Sunday, December 20, 2009

A Memoir of the Chief Vann House

By Levi Branham, 1852 - 1944

"My master always treated me like I was human being..."

I spent a large portion of my life in the Chief Vann house with my old master, Mr. Edmondson. He had a daughter by the name of Jennie. Jennie had a waitress who was named Tein. Another of his daughters was Sug, whose waitress was Fannie. Another one of his daughters was Georgia whose waitress was Elvie. These were all of the single daughters that Mr. Edmondson had when I was with him, but he had three married daughters whose names were Harriet, Sallie and Sue. Harriet married Bob Anderson, Sue married Street, and Sallie married Dr. Mathis.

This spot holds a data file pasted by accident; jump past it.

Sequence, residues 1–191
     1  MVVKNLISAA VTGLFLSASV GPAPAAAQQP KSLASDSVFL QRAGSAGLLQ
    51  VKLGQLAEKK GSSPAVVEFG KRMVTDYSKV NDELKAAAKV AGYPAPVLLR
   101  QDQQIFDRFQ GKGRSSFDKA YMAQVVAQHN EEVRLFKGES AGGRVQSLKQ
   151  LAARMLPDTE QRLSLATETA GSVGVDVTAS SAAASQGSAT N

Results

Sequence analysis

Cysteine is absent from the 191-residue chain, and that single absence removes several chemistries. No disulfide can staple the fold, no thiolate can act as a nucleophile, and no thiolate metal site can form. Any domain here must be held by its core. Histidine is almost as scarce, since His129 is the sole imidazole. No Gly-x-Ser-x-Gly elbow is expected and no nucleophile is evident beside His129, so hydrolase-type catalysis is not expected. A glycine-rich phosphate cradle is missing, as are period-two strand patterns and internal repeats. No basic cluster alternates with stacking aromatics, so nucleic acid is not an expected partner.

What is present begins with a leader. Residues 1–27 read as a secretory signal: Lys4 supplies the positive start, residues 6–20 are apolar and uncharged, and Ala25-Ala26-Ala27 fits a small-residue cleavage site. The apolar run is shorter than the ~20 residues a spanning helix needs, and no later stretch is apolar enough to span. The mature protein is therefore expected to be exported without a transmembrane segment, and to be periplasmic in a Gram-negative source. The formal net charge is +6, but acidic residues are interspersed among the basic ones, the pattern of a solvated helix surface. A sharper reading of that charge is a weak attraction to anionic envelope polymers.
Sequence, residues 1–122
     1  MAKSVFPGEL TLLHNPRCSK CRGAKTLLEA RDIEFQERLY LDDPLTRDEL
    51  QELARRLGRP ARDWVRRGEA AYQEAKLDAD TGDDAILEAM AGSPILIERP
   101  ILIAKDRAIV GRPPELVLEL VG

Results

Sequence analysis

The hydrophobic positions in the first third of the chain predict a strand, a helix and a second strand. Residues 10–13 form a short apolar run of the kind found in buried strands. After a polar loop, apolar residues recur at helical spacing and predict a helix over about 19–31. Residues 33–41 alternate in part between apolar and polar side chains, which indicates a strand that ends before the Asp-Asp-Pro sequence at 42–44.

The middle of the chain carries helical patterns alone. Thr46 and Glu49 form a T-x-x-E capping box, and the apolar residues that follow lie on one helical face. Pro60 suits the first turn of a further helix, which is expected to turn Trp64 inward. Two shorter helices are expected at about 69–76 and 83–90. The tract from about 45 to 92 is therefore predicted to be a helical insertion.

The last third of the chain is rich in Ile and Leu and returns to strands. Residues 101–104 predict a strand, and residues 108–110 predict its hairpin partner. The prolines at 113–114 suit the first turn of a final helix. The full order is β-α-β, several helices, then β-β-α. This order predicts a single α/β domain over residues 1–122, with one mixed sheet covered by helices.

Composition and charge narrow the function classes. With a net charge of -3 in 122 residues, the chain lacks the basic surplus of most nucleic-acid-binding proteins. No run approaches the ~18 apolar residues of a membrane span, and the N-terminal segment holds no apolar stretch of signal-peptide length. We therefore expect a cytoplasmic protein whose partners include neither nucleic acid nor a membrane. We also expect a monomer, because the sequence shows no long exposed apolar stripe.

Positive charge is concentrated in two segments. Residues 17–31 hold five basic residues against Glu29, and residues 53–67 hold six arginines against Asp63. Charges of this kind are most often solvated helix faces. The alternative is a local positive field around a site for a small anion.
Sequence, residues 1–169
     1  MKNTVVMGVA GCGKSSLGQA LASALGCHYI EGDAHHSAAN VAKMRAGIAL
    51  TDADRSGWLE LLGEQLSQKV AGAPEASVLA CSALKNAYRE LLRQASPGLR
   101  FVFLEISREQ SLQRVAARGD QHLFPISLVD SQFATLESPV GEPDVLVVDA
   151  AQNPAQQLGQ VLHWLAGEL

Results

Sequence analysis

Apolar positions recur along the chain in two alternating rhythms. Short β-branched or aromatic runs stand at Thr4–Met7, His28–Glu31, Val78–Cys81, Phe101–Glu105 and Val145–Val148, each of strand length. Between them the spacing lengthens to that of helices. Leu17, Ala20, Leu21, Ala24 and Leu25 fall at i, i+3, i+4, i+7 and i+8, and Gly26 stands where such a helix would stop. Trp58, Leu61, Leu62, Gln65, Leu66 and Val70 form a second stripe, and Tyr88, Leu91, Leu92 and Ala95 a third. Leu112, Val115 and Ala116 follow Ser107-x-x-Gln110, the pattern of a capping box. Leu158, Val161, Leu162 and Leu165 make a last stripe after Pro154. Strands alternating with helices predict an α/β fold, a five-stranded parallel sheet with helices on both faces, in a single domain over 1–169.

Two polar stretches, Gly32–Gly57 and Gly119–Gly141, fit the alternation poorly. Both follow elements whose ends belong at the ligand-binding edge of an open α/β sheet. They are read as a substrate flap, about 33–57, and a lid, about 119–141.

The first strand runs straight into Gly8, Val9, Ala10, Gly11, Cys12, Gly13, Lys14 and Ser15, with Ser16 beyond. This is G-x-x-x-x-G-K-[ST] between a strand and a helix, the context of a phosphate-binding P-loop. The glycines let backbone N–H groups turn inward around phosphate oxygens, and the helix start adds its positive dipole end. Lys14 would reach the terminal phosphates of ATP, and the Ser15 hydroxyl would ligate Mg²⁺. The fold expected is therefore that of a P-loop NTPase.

One of my young masters was John Edmondson, another, Tom Polk Edmondson. I was Tom Polk's waitman until he went to the Civil war between the North and South. Bill, the youngest, was quite small. All of the waitmen and waitresses stayed in the Edmondson house now known as the Chief Vann house. The room in which we stayed had a fine carpet on which we slept. Mr. Edmondson gave us fine blankets and we surely did sleep warm and comfortable.

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It should be noted that "house slaves" were often treated much better than the far more numerous slaves who worked in the fields. It should also be noted that however "good" a master Mr. Edmondson may have been, he was still a man who regarded other human beings as his property, deprived them of their liberty and extracted uncompensated labor from them, even from small children. Slavery, even in its most benign form, was -- and remains -- a vicious, thoroughly immoral institution and a crime against humanity.

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